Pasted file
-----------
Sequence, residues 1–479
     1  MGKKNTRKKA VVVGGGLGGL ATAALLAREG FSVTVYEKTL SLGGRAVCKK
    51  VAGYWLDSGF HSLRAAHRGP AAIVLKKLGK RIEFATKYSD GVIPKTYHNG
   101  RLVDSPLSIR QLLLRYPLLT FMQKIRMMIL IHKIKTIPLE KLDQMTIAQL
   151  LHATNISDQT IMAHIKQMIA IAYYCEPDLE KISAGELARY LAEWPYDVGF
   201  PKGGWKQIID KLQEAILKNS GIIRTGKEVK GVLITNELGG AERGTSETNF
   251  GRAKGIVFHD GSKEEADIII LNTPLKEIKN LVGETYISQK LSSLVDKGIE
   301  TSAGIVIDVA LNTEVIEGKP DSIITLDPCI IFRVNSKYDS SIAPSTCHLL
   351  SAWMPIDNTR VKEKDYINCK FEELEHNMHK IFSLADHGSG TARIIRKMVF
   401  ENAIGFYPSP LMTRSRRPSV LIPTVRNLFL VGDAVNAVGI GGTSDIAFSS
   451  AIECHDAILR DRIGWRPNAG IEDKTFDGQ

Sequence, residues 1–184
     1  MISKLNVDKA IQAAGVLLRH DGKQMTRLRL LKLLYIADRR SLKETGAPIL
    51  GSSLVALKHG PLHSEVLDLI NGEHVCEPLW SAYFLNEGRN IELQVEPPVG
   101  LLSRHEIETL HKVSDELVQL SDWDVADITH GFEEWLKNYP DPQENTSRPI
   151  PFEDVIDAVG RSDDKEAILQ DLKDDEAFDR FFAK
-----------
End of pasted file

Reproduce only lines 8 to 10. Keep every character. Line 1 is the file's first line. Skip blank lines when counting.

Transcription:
   301  TSAGIVIDVA LNTEVIEGKP DSIITLDPCI IFRVNSKYDS SIAPSTCHLL
   351  SAWMPIDNTR VKEKDYINCK FEELEHNMHK IFSLADHGSG TARIIRKMVF
   401  ENAIGFYPSP LMTRSRRPSV LIPTVRNLFL VGDAVNAVGI GGTSDIAFSS